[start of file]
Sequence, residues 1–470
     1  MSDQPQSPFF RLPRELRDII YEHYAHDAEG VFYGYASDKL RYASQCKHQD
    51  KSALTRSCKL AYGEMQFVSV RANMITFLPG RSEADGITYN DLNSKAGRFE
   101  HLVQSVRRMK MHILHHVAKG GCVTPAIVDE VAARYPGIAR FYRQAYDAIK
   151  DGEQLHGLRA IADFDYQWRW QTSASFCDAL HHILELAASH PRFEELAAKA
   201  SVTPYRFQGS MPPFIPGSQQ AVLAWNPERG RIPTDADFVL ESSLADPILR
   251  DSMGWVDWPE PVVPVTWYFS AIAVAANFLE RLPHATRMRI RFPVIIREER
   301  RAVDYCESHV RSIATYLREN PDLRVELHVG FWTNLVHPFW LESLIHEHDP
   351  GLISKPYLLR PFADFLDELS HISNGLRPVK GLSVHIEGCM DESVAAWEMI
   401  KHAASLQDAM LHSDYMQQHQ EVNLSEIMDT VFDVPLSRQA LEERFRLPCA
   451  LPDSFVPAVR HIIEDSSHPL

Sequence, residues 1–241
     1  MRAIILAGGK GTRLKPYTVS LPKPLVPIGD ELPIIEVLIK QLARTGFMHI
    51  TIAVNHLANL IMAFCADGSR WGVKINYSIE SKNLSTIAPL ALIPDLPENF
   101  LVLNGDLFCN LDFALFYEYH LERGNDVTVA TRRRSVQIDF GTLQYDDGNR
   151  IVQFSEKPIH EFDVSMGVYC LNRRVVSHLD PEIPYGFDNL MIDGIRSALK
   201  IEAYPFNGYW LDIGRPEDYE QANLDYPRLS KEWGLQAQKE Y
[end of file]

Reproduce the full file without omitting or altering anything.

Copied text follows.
Sequence, residues 1–470
     1  MSDQPQSPFF RLPRELRDII YEHYAHDAEG VFYGYASDKL RYASQCKHQD
    51  KSALTRSCKL AYGEMQFVSV RANMITFLPG RSEADGITYN DLNSKAGRFE
   101  HLVQSVRRMK MHILHHVAKG GCVTPAIVDE VAARYPGIAR FYRQAYDAIK
   151  DGEQLHGLRA IADFDYQWRW QTSASFCDAL HHILELAASH PRFEELAAKA
   201  SVTPYRFQGS MPPFIPGSQQ AVLAWNPERG RIPTDADFVL ESSLADPILR
   251  DSMGWVDWPE PVVPVTWYFS AIAVAANFLE RLPHATRMRI RFPVIIREER
   301  RAVDYCESHV RSIATYLREN PDLRVELHVG FWTNLVHPFW LESLIHEHDP
   351  GLISKPYLLR PFADFLDELS HISNGLRPVK GLSVHIEGCM DESVAAWEMI
   401  KHAASLQDAM LHSDYMQQHQ EVNLSEIMDT VFDVPLSRQA LEERFRLPCA
   451  LPDSFVPAVR HIIEDSSHPL

Sequence, residues 1–241
     1  MRAIILAGGK GTRLKPYTVS LPKPLVPIGD ELPIIEVLIK QLARTGFMHI
    51  TIAVNHLANL IMAFCADGSR WGVKINYSIE SKNLSTIAPL ALIPDLPENF
   101  LVLNGDLFCN LDFALFYEYH LERGNDVTVA TRRRSVQIDF GTLQYDDGNR
   151  IVQFSEKPIH EFDVSMGVYC LNRRVVSHLD PEIPYGFDNL MIDGIRSALK
   201  IEAYPFNGYW LDIGRPEDYE QANLDYPRLS KEWGLQAQKE Y